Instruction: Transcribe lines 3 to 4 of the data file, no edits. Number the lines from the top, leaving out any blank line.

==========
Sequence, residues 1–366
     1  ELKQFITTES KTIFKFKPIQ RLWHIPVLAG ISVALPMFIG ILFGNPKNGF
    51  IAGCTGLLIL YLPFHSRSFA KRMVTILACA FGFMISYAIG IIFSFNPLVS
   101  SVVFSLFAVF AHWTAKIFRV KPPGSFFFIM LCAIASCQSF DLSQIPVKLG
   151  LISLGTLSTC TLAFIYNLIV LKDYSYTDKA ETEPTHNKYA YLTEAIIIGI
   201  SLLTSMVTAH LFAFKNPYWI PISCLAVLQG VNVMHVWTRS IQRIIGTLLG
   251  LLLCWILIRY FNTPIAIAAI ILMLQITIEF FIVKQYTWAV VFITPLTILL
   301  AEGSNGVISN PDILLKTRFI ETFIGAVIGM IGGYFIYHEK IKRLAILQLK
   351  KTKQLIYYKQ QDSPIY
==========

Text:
    51  IAGCTGLLIL YLPFHSRSFA KRMVTILACA FGFMISYAIG IIFSFNPLVS
   101  SVVFSLFAVF AHWTAKIFRV KPPGSFFFIM LCAIASCQSF DLSQIPVKLG